Thursday, 5 August 2010

More Quantitative Easing on the way?

It seems strange that there is currently such a debate on a subject that most of us know little or nothing about, but Quantitative Easing (QE) is once again a hot topic.

QE has been the process by which the Bank of England has injected more liquid funds into the economy. It started in March 2009 with an initial purchase of £75 Million’s worth of Bonds. This has been gradually extended to the point where £200 Million had been let into the economy in this manner. There has been much controversy about what has actually happened to this money since that point, with many sceptical that it simply sits with Banks because the current rates of interest make it not worth their while risking lending it out.

Whatever, I don’t think it is any coincidence that the beginning of the equity recovery happened to come at the same time as this money began to appear. There has been much talk about money that isn’t worth lending fuelling asset price rises and we certainly haven’t seen massive increases in business lending or indeed mortgage take-up. This led to well founded fears that when the BoE do eventually remove QE, markets would have once more to rely on ‘real money’ alone and we might see an asset price slump.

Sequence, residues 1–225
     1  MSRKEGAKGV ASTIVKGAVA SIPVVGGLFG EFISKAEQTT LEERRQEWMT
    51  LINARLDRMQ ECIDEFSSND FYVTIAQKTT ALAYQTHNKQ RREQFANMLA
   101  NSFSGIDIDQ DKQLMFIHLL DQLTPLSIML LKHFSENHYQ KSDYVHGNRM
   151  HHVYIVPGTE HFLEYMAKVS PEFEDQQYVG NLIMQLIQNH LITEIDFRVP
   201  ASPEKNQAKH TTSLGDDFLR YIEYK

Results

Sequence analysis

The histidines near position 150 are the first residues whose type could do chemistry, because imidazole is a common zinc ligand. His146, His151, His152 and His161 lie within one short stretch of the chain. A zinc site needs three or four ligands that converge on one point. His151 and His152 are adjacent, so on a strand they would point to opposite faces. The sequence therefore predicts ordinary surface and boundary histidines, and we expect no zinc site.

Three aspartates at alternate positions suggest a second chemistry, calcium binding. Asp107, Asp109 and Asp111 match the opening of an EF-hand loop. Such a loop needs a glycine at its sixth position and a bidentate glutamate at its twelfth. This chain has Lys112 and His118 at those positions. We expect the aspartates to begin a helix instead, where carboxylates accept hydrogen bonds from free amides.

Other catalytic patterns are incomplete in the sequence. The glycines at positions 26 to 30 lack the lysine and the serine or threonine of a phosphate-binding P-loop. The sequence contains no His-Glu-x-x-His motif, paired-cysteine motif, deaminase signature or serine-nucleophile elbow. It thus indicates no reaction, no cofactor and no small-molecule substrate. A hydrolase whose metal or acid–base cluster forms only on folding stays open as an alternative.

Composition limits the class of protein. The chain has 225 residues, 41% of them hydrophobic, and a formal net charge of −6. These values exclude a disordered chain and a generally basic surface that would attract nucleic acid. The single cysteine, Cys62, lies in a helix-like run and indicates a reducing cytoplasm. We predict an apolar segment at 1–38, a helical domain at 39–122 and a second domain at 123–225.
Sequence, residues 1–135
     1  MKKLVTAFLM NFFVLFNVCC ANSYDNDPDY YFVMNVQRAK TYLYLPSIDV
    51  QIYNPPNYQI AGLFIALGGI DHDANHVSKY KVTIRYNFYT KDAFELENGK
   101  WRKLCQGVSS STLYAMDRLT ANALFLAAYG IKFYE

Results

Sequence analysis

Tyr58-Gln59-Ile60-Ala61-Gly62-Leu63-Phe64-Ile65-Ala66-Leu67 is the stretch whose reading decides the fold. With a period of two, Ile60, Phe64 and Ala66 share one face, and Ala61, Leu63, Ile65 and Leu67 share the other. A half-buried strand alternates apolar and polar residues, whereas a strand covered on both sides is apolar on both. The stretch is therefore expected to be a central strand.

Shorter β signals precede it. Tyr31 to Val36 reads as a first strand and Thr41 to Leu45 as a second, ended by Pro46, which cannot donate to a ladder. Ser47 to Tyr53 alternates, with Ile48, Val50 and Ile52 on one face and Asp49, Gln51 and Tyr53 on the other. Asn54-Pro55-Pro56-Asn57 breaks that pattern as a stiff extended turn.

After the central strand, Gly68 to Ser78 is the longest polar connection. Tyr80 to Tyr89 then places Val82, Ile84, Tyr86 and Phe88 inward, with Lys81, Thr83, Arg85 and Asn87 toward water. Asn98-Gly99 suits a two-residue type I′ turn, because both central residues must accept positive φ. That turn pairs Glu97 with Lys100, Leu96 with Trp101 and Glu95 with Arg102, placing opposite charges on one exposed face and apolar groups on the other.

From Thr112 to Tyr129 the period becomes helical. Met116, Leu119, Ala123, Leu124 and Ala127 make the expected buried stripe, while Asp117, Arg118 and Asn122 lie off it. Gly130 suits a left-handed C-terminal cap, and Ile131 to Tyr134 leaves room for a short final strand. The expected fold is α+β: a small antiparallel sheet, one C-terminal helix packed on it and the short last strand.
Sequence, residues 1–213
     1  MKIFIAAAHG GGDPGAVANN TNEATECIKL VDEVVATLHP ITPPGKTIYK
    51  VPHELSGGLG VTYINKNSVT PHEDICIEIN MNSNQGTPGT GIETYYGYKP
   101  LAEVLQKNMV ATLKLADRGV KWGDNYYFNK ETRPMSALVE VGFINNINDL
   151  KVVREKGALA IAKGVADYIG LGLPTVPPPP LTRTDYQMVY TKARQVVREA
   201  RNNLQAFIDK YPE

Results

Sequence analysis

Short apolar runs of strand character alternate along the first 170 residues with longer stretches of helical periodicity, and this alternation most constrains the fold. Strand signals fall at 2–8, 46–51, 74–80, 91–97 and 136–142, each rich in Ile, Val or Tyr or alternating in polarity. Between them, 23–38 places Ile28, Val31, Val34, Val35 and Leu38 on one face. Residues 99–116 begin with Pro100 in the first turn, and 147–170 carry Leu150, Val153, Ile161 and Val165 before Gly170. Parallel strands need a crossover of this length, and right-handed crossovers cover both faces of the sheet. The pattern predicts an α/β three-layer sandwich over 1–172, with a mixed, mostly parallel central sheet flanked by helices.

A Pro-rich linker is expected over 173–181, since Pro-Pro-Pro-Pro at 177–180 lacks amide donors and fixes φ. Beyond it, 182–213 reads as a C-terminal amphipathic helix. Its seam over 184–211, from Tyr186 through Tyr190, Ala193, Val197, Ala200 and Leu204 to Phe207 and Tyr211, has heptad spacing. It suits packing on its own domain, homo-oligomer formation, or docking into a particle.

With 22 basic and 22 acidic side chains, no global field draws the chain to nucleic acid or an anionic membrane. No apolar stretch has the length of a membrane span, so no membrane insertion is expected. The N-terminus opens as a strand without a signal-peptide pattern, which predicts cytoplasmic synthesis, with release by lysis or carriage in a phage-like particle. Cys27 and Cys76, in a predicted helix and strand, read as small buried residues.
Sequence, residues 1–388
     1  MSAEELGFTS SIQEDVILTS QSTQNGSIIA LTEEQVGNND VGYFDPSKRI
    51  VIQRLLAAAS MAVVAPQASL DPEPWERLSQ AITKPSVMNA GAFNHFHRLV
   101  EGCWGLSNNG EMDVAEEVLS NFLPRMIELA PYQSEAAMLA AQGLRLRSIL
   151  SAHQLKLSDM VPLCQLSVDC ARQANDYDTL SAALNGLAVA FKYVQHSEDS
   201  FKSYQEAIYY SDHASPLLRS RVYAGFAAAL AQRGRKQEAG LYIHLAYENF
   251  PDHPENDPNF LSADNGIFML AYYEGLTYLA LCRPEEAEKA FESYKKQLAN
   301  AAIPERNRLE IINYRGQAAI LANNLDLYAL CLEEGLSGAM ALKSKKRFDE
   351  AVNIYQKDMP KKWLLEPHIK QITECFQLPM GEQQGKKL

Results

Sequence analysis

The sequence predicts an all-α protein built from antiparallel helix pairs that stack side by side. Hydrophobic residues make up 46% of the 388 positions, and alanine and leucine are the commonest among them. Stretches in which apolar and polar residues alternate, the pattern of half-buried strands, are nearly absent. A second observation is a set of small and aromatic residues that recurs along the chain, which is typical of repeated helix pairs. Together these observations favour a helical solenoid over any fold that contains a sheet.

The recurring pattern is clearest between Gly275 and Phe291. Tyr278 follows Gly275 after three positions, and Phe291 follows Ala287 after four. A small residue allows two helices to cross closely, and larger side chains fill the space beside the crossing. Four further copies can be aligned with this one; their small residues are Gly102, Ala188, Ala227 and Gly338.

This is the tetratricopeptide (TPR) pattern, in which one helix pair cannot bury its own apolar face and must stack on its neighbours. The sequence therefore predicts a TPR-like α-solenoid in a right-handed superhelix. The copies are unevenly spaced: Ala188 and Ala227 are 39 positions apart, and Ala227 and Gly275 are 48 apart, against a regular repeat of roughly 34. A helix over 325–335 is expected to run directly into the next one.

There is now speculation that the Summer’s Budget and more so the Spending Round due in the Autumn will depress prospects generally, as they both effectively signal less Public Spending and thus less artificial money filtering though. This is leading to calls for more Quantitative Easing here in the UK as in the US, in the hope that this will make up the difference. It is certainly true to say that of the two measures the Bank could take to stimulate things, the one of reducing interest rates (held firm again in today’s announcement from the MPC) is effectively a non-runner, leaving QE as the only chance of a boost.

This might just be my eternal optimism kicking in, but if there is to be more QE in the coming months, we might just see a further boost to the stock market as this money is put to use. The old adage of ‘many a slip twixt cup and lip’ is never truer than here, but I would say that there is a fair likelihood of further stimulus, and until rates rise significantly, which doesn’t look like happening this side of next summer, real and still attractively priced assets are the most logical place for this money to end up.

Watch this space. In a year’s time I shall either be right or very wrong!